Cambodian Senior Minister H.E. Sun Chanthol, Minister of Public Works and Transport, held talks with his Thai counterpart H.E. Arkhom Termpittayapaisith, in Phnom Penh late last week to discuss the completion of the drafting of rail transport agreement between both neighbouring countries.
According to the Ministry of Public Works and Transport, the agreement is aimed to strengthen rail transport cooperation between Cambodia and Thailand based on mutual interests.
The Thai side affirmed to speed up their internal procedures so that both sides can sign the agreement as soon as possible.
For his part, H.E. Sun Chanthol sought the Thai sides support for rails in order to upgrade the 60-kilometre-long railway from Serei Sophorn to Battambang in addition to Thailands donation of a four-car train.
Thailand railThe move will be particularly beneficial for the shipping of freight between Cambodia and Thailand. Credit: Pixabay.
Cambodia and Thailand have reached an agreement on the transportation of goods and people by train across their shared border in a bid to boost trading relations between the two countries.
Local media reported that negotiations were concluded last week and that Cambodian officials are now waiting for the Thai Government to hold internal discussions ahead of signing a new agreement.
Construction works along sections of the western rail line, which stretches from Phnom Penh in Thailand to Poipet in Cambodia, ended last week. The move is expected to bring particular benefits to the freight industry, with trade between the two countries thought to be worth about $6m last year and Cambodian exports to its neighbour valued at $900m.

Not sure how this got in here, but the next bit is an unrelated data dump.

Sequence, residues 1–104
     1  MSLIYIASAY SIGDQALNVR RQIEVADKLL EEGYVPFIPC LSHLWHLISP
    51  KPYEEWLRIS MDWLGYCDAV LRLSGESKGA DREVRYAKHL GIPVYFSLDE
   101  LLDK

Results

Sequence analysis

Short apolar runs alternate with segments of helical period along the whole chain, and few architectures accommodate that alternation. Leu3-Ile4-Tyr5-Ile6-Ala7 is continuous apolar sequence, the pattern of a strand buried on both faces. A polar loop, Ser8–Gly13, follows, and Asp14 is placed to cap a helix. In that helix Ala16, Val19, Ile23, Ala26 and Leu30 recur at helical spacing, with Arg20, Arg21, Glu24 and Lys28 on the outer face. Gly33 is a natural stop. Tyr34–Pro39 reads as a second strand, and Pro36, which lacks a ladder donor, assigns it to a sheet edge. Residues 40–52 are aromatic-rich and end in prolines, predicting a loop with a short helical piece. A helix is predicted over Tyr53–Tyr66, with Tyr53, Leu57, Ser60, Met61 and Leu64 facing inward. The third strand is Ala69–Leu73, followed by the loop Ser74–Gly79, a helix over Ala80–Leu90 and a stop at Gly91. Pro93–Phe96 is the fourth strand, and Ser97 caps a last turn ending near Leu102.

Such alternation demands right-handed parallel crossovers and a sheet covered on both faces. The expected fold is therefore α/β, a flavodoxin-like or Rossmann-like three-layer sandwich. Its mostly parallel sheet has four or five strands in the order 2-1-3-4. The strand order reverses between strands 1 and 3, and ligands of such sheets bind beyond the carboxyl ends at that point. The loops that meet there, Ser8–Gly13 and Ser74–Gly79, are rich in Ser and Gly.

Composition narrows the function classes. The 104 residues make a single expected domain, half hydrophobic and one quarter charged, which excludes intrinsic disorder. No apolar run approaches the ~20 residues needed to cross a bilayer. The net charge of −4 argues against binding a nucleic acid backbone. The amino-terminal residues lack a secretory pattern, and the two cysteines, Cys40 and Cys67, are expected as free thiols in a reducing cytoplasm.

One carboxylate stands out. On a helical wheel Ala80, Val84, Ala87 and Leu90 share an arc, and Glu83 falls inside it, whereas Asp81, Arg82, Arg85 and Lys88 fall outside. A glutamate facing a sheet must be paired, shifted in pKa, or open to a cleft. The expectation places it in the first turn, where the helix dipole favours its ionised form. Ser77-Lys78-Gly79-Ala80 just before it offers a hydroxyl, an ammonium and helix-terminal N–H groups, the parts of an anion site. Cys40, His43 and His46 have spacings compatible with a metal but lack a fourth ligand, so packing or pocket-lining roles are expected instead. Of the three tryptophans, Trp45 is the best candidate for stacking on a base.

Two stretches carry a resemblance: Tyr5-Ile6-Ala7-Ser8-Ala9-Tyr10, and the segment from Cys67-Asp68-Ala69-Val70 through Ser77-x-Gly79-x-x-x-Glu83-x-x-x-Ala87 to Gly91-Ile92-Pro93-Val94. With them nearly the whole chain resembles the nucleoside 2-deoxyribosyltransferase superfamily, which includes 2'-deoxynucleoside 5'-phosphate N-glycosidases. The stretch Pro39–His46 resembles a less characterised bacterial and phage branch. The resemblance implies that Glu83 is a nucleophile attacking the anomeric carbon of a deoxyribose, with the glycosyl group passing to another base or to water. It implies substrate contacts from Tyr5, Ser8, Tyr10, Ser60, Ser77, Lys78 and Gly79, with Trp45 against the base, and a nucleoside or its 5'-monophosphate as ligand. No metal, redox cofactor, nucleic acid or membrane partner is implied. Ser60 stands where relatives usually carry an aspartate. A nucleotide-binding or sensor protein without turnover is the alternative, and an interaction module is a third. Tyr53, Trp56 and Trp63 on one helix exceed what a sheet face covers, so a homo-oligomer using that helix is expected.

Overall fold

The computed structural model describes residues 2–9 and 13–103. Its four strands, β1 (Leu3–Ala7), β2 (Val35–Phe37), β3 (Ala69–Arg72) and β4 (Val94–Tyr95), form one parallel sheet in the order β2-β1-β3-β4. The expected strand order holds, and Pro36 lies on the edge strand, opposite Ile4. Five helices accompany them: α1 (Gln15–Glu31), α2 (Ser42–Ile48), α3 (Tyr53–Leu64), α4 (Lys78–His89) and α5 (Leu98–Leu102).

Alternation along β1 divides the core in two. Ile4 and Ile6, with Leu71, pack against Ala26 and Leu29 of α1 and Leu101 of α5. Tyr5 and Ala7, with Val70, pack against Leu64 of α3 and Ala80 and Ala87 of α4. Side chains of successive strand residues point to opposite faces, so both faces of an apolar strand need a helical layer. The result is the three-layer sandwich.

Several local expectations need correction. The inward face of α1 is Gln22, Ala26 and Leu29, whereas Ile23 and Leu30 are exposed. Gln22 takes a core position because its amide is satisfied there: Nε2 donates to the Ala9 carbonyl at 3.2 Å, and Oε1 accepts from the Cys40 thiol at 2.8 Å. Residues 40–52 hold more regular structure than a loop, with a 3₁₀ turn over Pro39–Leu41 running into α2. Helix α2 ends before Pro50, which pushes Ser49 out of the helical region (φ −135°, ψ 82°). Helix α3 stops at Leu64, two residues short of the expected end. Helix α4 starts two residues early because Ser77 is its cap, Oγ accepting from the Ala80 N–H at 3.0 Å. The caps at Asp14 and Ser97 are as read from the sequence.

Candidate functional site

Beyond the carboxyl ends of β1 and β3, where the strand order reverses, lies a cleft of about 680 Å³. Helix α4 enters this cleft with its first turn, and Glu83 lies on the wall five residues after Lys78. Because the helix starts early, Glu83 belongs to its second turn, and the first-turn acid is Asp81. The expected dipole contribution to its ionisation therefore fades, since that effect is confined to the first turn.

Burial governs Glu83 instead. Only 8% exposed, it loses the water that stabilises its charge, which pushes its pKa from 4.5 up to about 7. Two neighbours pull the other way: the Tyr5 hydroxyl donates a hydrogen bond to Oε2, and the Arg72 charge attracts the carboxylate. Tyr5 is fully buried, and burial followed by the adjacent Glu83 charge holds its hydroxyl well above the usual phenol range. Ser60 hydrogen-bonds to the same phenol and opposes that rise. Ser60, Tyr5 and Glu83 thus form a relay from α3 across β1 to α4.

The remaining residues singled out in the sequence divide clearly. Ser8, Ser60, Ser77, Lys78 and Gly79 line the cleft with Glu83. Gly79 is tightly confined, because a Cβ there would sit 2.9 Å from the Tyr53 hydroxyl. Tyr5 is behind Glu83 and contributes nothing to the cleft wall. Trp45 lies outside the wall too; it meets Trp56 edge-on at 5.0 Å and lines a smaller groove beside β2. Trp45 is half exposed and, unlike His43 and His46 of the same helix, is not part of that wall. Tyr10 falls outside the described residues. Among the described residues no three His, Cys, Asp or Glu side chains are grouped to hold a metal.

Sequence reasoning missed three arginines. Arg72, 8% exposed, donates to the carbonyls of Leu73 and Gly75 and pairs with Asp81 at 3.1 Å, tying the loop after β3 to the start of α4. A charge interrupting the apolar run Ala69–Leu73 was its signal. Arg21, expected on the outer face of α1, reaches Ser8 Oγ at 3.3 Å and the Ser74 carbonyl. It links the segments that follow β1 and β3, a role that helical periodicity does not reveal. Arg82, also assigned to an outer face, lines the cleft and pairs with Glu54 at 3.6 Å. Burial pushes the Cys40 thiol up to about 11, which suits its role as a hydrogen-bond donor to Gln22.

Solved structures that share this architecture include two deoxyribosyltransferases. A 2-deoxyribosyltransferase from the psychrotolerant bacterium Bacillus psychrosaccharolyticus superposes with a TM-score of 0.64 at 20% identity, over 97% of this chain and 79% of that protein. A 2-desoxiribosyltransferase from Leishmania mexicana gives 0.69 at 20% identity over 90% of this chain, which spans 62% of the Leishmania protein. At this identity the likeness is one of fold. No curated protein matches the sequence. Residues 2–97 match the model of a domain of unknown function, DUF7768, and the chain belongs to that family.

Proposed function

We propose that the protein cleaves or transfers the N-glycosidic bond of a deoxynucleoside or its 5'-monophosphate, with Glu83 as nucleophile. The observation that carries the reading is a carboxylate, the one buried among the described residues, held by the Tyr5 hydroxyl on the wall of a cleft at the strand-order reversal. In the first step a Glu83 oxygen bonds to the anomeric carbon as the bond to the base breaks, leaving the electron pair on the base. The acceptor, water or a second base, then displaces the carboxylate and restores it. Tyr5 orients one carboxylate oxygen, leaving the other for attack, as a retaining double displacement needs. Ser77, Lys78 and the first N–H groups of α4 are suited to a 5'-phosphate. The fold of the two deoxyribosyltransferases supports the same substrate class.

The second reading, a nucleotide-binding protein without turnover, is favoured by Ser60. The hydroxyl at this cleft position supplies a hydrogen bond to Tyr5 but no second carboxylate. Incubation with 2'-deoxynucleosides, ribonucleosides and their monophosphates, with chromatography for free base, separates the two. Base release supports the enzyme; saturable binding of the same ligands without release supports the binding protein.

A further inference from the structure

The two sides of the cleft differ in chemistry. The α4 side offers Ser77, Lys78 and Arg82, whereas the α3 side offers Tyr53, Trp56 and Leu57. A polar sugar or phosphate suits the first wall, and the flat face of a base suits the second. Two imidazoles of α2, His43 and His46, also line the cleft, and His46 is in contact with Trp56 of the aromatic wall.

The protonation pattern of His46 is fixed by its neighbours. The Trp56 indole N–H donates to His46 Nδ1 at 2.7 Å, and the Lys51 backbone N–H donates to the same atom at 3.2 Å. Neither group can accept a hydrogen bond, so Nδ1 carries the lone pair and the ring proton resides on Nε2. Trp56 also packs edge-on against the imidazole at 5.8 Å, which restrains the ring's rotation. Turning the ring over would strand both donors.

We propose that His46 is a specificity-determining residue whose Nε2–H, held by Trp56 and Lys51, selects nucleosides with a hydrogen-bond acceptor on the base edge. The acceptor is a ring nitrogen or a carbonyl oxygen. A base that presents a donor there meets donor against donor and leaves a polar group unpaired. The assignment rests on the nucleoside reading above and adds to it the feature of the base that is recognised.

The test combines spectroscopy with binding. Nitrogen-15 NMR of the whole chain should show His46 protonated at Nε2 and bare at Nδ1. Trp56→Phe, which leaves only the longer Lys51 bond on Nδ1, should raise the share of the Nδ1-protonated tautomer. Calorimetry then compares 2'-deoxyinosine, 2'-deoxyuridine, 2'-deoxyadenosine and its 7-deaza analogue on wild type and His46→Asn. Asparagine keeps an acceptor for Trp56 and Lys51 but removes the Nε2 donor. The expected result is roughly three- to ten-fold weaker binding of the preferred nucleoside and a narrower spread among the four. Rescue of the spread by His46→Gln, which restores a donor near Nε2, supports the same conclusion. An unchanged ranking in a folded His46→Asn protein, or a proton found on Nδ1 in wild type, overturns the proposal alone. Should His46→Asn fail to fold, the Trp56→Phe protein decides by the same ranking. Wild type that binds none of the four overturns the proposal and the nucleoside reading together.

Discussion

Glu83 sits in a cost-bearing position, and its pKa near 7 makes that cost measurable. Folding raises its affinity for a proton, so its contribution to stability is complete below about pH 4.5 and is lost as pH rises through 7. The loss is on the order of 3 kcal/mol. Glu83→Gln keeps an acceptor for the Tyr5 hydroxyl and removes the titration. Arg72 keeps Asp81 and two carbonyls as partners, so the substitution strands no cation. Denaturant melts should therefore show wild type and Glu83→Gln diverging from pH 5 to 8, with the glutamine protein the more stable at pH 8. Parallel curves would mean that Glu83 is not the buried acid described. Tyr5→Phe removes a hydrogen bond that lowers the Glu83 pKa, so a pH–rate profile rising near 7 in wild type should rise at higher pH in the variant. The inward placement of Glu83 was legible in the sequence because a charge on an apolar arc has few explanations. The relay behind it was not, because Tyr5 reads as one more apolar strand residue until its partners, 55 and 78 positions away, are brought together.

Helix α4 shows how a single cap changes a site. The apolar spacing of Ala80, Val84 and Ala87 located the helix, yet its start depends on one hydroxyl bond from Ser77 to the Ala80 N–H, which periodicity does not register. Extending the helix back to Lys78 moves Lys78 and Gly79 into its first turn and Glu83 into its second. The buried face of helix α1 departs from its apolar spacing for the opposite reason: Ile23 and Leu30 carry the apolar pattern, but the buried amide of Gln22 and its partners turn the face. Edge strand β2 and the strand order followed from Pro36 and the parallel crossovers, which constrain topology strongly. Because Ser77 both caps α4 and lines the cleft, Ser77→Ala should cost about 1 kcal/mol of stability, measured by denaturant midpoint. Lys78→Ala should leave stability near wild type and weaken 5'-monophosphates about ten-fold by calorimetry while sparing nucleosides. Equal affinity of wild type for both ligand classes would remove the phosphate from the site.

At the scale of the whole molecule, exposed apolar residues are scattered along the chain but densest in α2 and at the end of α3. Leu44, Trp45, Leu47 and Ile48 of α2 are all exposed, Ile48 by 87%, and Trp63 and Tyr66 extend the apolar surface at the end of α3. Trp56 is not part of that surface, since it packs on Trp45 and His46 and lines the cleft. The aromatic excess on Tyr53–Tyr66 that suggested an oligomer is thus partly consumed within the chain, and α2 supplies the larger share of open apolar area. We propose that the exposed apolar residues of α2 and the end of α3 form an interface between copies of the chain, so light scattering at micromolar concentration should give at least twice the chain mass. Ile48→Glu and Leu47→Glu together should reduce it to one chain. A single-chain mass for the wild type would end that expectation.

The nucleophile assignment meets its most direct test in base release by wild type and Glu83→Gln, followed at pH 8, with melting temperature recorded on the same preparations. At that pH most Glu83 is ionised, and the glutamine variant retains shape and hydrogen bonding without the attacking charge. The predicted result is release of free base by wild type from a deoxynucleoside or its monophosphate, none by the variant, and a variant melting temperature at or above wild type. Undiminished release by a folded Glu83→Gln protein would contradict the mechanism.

Today we completed discussion on the three unresolved points. Thus negotiations have ended, said Cambodia Minister of Transportation Sun Chanthol after meeting with his Thai counterpart Arkhom Termpittayapaisith last Friday.
Chanthol said at a press conference that a group comprised of officials from both countries has been established to carry out negotiations on the remaining details, which include procedures to follow when transporting goods across the border and the amount of cargo allowed to enter each country every day.
Termpittayapaisith further confirmed the decision by claiming that a signing ceremony is expected to take place in the next few months.
Connecting our railway systems will boost trade in a wide range of products, including oil, he said. It will enhance trade and investment between the two countries, and foment travelling from one country to the other.
According to Chanthol, Cambodia will receive three carriages and a train engine from Thailand as a donation ahead of the inauguration of the railway link. He added that while the link between Cambodia and Thailand has been finished, the operating schedule will be revealed after the two parties meet on Friday.
Cambodia Ministry of Public Works and Transportation spokesman Vasim Sorya told The Post that the two countries will soon negotiate plans to further reconstruct and expand joint train stations. The discussions could be called the last stage before the trains can inter-operate as the connection is already complete, he added.